In January, U.S. Senator Debbie Stabenow, (D) Michigan, became Chair of the Senate Committee on Agriculture, Nutrition and Forestry. She’s only the second woman on this job in history. She’ll wield considerable power when the next farm bill is hammered out next year. The farm bill is the national budget for agriculture. It includes everything related to ag– from land conservation to the kind of foods the government wants children to eat.
Michigan has the second most crop diversity in the country after California. Asparagus, peaches, strawberries, blueberries, raspberries, pumpkins, cucumbers and a couple dozen more. Kalamazoo was once the celery capital of the country. Imlay City is still bursting with carrots.
For the 2007 farm bill, Senator Stabenow got incentives passed for producers of fruits and vegetables. This appealed to the local food movement. They want closer-knit communities of people that shop at farm markets and know their farmers. They don’t want to depend on fossil fuels for transport of people and food.
Stabenow’s incentives also appealed to national children’s health advocates trying to fight obesity and diabetes. Both are considered epidemic.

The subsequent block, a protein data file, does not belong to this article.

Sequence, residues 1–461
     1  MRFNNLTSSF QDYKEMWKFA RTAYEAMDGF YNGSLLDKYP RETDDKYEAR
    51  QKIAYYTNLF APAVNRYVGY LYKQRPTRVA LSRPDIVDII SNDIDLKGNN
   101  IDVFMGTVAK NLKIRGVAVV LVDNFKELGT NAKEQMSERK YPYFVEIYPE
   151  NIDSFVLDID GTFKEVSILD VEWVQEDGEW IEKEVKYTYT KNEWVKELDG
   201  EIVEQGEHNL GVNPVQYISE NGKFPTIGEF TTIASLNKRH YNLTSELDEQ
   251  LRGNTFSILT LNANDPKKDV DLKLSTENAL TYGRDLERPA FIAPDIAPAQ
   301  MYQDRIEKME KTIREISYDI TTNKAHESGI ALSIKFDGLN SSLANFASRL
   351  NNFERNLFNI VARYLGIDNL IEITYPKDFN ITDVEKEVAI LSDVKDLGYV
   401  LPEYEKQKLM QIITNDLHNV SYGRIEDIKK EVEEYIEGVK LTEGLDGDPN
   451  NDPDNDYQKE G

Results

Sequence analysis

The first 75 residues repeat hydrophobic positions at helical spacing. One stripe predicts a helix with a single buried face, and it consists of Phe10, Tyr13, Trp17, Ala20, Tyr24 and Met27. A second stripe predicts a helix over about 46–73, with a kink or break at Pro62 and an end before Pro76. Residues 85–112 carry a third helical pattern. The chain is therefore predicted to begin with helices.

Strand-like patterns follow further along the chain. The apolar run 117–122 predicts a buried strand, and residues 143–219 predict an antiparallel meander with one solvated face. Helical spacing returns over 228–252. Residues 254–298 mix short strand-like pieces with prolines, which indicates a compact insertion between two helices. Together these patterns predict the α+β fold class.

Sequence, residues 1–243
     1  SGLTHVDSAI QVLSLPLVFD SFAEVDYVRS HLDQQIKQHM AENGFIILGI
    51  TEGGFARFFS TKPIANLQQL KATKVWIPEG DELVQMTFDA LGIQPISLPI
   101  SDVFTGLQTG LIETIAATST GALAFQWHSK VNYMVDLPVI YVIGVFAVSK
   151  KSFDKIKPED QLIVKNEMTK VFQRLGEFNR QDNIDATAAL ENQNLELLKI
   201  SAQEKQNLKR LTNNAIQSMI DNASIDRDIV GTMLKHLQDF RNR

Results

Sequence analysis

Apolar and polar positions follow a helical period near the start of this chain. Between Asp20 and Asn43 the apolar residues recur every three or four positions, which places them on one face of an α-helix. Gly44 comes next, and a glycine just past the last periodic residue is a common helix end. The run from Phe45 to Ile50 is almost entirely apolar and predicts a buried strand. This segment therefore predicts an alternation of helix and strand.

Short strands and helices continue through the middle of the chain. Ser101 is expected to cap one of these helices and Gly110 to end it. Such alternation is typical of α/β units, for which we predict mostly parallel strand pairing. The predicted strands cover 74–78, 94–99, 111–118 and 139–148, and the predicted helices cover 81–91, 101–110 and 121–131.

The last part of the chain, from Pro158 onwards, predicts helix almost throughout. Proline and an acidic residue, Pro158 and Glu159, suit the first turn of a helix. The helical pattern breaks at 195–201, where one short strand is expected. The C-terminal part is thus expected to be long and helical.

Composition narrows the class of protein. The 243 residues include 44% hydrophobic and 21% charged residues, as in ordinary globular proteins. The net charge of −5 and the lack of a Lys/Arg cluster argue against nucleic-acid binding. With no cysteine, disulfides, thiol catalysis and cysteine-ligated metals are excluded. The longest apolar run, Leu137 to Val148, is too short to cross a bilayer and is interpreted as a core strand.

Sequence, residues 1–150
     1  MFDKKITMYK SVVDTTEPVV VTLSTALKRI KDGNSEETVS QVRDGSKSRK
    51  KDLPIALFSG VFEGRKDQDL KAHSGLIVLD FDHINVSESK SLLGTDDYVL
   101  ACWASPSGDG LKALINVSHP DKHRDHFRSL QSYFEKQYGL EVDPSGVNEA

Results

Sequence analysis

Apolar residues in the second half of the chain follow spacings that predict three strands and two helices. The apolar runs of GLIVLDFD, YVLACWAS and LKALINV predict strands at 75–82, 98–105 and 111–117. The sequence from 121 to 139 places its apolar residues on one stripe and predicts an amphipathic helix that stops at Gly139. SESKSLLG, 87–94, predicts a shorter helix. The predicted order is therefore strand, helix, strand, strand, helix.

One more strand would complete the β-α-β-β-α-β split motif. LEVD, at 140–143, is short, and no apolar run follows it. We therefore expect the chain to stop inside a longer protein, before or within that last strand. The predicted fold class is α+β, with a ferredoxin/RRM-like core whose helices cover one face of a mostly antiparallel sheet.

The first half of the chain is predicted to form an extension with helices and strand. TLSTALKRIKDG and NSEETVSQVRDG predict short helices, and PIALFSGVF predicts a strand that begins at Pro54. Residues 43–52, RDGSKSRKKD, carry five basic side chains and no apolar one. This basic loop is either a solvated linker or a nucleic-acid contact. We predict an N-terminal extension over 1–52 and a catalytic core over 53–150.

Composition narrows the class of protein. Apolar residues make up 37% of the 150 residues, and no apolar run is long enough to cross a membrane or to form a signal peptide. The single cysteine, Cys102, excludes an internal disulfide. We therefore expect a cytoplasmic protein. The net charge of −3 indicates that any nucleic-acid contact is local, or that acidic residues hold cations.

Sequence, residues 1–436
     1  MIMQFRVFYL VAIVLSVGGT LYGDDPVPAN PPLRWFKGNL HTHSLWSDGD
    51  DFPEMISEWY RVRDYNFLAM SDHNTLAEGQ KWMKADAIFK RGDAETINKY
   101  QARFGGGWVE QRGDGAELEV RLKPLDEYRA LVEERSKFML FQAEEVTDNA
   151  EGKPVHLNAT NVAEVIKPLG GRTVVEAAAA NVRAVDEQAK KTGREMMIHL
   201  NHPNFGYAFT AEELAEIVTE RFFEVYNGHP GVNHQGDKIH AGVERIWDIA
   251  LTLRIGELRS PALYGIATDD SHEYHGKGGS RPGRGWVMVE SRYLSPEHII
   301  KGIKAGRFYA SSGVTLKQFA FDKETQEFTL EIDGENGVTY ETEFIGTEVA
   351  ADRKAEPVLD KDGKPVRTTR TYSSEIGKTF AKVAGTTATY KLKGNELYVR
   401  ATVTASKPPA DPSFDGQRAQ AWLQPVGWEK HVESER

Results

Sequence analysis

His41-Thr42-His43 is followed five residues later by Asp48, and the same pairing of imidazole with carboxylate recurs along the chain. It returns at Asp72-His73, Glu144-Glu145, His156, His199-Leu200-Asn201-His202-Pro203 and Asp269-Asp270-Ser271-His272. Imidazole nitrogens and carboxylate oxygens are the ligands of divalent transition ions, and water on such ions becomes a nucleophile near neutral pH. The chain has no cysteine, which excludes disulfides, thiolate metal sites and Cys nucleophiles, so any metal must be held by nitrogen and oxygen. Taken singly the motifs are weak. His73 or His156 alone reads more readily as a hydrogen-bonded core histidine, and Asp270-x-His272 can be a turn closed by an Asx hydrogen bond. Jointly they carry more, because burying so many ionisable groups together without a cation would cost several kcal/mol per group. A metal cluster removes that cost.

The Center For Disease Control in Atlanta says childhood obesity has more than tripled in the past 30 years. The prevalence of obesity among children aged 6 to 11 years increased from 6.5% in 1980 to 19.6% in 2008. The prevalence of obesity among adolescents aged 12 to 19 years increased from 5.0% to 18.1%.
But the senator’s fellow committee members come from big commodity states. Corn, soybeans and wheat, all of which Michigan grows too, is often the only thing those states have. Therefore, Stabenow will meet resistance if she wants to alter the federal food regime that’s been in place since the 1950’s.
Chris McCarus spoke with her at the annual Detroit Regional Chamber Policy Conference on Mackinac Island, 2011. The Island is a close knit community where petroleum powered vehicles, except snowmobiles in winter, are banned. The background sound you might hear are hooves clopping along from horse driven carriages.